Kevin (erf_) wrote,

michael r. burch is way too good at poetry

So I've recently discovered The HyperTexts, a slightly pretentious online poetry journal. It is pretentious in that, unlike virtually every other online poetry collection, it is an actual literary journal. Meaning it only publishes poems from actual professional poets. How professional? Well...three poems published there have apparently been Pulitzer nominees. Yikes.

((edit) Okay, that was coincidence. Most of them were originally published elsewhere. And dude, Leonard Nimoy?? I admire Spock as much as the next geek, but...seriously. Well, so much for my own snooty pretensions.)

I've been spending short breaks at work reading through the section dedicated to the Darfur genocide. Some of it comes off as a little sappy (probably because it was meant to be read aloud). Some of it is really good. But nothing, absolutely nothing, can light a candle to the contributions of Michael R. Burch, founding editor of The Hypertexts himself.

((edit) What the hell was I thinking when I wrote this? HACKED BY CHINESE)

Other poets try to convey a message by chasing you around with a sledgehammer. Michael R. Burch point-blanks you with fifty-caliber HE. You have barely enough time to think "what the hell?" just as the slug rips through your skull and boom! That's your head, or what used to be, painting a thick layer of stickiness across the carpet. An example--a totally tasteless choice given that metaphor--from the Darfur section:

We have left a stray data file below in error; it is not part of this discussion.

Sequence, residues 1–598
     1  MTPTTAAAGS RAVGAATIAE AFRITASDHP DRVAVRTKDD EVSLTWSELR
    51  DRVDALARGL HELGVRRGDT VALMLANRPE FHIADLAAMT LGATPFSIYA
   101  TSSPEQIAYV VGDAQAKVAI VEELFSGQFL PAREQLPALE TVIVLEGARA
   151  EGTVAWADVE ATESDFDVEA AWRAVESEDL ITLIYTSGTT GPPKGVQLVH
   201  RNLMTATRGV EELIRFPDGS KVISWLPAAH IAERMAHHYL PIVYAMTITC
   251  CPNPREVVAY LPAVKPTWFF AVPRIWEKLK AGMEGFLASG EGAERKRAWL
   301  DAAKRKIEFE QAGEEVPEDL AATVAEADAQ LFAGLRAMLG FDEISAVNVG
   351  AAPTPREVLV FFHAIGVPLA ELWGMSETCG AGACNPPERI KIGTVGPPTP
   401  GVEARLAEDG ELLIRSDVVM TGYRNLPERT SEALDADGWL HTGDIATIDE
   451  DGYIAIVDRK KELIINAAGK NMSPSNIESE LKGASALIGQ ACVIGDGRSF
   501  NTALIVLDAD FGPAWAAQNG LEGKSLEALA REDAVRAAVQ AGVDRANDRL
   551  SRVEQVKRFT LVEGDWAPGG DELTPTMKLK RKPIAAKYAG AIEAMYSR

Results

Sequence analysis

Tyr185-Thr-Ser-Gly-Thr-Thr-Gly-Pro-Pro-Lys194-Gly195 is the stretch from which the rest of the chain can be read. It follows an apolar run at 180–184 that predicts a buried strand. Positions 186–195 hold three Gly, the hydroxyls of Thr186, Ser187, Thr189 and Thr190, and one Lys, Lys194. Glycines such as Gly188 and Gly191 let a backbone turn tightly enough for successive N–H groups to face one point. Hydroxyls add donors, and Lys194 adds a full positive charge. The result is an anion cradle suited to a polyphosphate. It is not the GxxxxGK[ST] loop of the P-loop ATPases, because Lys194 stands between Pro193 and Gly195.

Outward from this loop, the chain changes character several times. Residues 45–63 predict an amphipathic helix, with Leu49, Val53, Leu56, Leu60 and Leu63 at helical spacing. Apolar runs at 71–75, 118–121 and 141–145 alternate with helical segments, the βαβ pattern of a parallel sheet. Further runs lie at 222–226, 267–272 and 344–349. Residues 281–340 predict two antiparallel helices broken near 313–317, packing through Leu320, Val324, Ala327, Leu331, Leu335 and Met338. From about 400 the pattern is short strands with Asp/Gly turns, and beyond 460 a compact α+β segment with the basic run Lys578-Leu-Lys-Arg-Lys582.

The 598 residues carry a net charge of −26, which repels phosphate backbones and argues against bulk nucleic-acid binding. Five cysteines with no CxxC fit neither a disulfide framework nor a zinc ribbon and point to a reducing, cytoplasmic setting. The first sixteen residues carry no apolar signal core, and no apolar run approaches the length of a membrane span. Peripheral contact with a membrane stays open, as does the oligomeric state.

A Child's Epitaph
by Michael R. Burch

I lived as best I could, and then I died.
Be careful where you step: the grave is wide.

Two lines. Two lines. But--not since Eliot--damn it, Burch! Just...damn. I don't think a single couplet has ever depressed me so much.

He's not just an excellent minimalist, either. From the selected works on his website he seems to be good at damn near everything. Sonnets, sestinas, epigrams, free verse, heroic couplets, even nursery rhymes--name a form and he's done it. And it's almost uniformly good--sometimes amazing, sometimes even groundbreaking. For such a prolific poet you'd think he'd wear down--even Yeats did, if you've read some of his less famous work--but no. This guy just keeps on churning out beautiful verse. It's not fair.

(edit) Okay, I spoke too soon, his collected works wax Victorian by the middle of the page. He may be brilliant, but he's human.

(p.s. save darfur)
Tags: poemage, reading

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